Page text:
Here is a translation from Une souris spatio-temporelle. Please forgive the numerous mistakes I might have made, as English is not my first language.
I created this text a few years ago for a contest called: a bug, a click, something unexpected and everything changes. I wanted to show that a mistake might not lead to either serendipity or catastrophy, it can also be neutral, or both positive and negative, depending on the point of view.
The first version I wrote was impossible to understand according to my first beta-readers. I also added some details I had to remove from the French text because of the contest’s word limitation. I may also expand it even more in the future, but in the meantime here is
A Space-Time Mouse
… alists, and then we can’t see anything anymore. Beyond the immense glass surface of our bubble, no supernovae, no red giants. The wormhole which carried us here has already gone. My heart aches for Minkiewicz who worked so hard but had to stay on Earth, in this other place, in this other time.
Fiona and Minh have tears in their eyes. What does Trevor feel? Probably not that much. After a few minutes of nearly religious contemplation, we switch the sensors on. We are mesmerized by the screen slowly mapping the universe’s iron dust. We hold our breath each time the values are updated. But they are null. I mean we can’t detect any nucleon.
– It should have found something by now… Minh says impatiently, as he is a big supporter of the proton stability theory.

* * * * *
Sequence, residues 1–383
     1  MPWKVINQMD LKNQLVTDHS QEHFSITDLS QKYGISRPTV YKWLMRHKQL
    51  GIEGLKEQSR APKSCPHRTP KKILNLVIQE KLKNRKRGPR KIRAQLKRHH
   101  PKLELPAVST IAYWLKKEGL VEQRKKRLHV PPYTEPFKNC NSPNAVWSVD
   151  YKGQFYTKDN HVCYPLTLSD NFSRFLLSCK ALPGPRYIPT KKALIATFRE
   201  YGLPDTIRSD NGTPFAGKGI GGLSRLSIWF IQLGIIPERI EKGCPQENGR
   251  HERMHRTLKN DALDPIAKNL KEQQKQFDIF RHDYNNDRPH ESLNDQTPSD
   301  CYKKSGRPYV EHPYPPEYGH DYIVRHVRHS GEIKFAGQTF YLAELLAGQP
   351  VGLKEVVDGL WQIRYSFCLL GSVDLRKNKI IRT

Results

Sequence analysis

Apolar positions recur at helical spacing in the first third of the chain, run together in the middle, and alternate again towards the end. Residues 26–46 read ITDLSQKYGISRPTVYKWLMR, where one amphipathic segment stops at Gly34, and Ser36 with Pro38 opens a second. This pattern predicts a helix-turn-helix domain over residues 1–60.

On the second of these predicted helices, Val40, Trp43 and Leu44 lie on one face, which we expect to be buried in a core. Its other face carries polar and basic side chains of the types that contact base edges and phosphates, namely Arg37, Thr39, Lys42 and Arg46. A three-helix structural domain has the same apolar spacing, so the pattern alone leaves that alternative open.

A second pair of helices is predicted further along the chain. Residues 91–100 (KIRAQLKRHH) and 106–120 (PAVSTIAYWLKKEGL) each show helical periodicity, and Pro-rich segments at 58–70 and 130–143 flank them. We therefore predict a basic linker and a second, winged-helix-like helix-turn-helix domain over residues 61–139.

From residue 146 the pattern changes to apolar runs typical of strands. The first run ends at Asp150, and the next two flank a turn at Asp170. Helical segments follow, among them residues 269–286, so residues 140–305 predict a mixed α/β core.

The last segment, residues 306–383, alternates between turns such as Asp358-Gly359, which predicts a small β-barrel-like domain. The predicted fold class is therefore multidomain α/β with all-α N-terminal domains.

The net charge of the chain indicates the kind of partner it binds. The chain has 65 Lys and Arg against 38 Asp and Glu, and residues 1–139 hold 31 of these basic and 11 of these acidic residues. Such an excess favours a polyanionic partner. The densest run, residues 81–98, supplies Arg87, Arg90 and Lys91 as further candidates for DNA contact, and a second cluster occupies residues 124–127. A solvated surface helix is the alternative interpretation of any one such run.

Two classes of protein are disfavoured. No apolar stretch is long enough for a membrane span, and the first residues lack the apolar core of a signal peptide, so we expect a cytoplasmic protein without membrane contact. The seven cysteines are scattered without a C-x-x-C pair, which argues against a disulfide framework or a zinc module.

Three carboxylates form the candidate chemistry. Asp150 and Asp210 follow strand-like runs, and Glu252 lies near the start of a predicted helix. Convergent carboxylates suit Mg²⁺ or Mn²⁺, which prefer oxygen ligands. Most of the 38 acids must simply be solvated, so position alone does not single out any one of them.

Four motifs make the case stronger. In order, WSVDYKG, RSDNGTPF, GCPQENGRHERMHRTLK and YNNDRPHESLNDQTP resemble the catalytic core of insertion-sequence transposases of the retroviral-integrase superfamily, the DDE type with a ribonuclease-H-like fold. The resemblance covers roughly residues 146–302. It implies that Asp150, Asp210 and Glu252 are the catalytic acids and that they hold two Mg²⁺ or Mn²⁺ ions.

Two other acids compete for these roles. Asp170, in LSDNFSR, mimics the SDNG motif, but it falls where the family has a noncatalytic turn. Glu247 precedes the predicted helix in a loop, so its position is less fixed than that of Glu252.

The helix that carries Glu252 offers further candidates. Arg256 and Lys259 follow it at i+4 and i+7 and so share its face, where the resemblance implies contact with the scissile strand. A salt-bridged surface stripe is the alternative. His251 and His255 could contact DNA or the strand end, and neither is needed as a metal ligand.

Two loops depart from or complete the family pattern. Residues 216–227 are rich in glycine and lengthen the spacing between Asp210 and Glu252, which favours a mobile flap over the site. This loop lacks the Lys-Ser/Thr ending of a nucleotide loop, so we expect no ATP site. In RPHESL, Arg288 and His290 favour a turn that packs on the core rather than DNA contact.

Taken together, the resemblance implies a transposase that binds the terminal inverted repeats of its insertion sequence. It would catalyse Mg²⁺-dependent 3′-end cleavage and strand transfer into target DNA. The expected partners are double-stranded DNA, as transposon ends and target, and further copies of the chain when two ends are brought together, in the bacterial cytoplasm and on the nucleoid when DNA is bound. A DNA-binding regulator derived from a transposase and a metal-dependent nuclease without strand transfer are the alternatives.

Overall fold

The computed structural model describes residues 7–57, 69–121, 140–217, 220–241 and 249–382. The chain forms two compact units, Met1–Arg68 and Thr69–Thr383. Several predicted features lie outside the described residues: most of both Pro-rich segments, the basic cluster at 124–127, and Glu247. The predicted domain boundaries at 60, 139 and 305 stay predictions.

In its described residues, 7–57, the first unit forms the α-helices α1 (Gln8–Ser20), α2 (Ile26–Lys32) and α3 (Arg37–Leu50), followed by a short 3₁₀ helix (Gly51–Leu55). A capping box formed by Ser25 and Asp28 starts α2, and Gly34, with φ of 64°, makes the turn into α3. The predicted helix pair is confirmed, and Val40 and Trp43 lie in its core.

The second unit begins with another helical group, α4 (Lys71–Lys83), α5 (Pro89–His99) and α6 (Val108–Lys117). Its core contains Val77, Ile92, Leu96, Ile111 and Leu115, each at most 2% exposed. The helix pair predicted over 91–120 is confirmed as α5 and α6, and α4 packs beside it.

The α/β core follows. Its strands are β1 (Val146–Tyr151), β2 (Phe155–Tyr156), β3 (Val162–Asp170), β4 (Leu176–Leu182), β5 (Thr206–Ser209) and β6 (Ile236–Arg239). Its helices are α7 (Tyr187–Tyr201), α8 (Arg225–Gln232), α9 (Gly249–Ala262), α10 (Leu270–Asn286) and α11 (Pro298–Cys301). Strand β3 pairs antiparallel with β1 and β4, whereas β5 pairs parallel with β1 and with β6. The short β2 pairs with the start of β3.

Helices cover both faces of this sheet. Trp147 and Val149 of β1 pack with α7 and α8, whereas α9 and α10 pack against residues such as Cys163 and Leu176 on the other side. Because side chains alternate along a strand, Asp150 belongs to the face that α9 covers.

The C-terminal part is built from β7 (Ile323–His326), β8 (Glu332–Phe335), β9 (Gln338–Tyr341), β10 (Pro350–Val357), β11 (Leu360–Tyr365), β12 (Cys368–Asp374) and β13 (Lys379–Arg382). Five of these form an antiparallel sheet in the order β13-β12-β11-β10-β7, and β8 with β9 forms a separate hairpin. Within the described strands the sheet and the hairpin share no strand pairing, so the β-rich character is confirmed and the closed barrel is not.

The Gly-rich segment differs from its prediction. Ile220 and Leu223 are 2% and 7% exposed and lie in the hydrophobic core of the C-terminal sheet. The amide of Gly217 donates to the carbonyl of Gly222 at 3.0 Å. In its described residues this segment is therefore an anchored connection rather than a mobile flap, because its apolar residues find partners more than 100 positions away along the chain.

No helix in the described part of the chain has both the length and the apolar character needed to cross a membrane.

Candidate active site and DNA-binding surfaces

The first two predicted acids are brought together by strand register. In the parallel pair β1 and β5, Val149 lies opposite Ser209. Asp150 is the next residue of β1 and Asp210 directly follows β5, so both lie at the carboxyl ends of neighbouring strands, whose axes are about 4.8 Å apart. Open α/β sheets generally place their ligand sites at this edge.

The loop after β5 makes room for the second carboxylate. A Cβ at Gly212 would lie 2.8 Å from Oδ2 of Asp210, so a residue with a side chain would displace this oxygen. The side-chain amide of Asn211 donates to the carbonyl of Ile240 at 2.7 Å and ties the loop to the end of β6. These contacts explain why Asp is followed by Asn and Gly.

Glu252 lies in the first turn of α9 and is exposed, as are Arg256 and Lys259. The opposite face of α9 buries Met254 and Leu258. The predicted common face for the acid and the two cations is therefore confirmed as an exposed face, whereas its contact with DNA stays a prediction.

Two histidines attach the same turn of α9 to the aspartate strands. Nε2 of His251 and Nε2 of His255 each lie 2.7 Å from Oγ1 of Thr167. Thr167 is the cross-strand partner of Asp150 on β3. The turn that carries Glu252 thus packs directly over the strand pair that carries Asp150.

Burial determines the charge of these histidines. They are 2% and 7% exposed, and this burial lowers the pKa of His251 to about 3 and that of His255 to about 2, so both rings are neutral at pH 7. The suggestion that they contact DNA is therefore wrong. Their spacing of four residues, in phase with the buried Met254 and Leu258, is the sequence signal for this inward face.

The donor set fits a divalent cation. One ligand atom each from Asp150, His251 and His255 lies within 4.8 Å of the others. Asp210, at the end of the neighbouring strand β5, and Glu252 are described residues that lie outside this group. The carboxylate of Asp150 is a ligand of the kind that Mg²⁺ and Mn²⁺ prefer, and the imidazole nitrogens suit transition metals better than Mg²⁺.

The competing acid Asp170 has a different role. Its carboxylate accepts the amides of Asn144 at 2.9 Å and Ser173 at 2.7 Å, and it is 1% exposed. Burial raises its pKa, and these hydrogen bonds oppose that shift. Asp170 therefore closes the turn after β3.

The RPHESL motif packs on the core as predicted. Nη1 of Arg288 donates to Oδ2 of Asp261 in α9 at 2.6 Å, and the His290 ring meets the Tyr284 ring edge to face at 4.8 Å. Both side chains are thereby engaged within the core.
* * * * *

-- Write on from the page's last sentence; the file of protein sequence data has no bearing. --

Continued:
– There is nothing! Nothing! Nothing! instability cultist Fiona replies enthusiastically.
As for me, I’m on Minh’s side, but I don’t react. Not because Minh is my ex and I’m going out with Fiona. He is the one who left and the three of us are good friends. However, something has caught my attention. I get up from my seat while Fiona begins a victory dance.
When I understand what is happening, I rush towards the tunnel generator. My colleagues talk to me but I don’t answer. Fiona and Minh have probably noticed the leakage since I can hear their calls turning into screams. In a flash, I know it’s too late, I know I won’t reach the generator, two hundred meters away. We are going to die. “A small mistake”, how ironic! It has to be too late.
July 5, 2110
No way I can become my own father, I say to myself as I discover the deserted landscape of Warui Ookami-to, a tiny island off Japan. I laugh inwardly. Well, aloud, but I’m alone so I feel a bit ahamed. If I were my father, I would know whom I got my blue eyes and my amazing wittiness from! This is only my third trip and it looks like I’m going mad… but not jaded, as a non existing witness could think. But apart from the bubble, everything seems so “normal” on this islet. Rocks, a tree, rocks, the Pacific ocean and some more rocks. I’m already missing Minh, Fiona and New Orleans. My assignement: stay here. That’s it. For three hours. As a precaution, I’m isolated to prevent paradoxes. Paranoia! If I could cause any trouble, surely the tunnel wouldn’t have been created? Oh well, I’m going to bathe. And if I drown, will a hellish space-time tear open? No? Damn!
– When I was a child, in Paris, I was fascinated by late twentieth century science fiction, I say wistfully.
– They were so imaginative indeed!
– A century later, entangled atoms were stabilized and black holes studies progressed a lot. So obviously the artists got bored of this… When I was twelve, the trend in art was realistic descriptions of the last traditional farmers, I never could like that…
– Me neither! I’ve always had a thing for a good old steampunk story.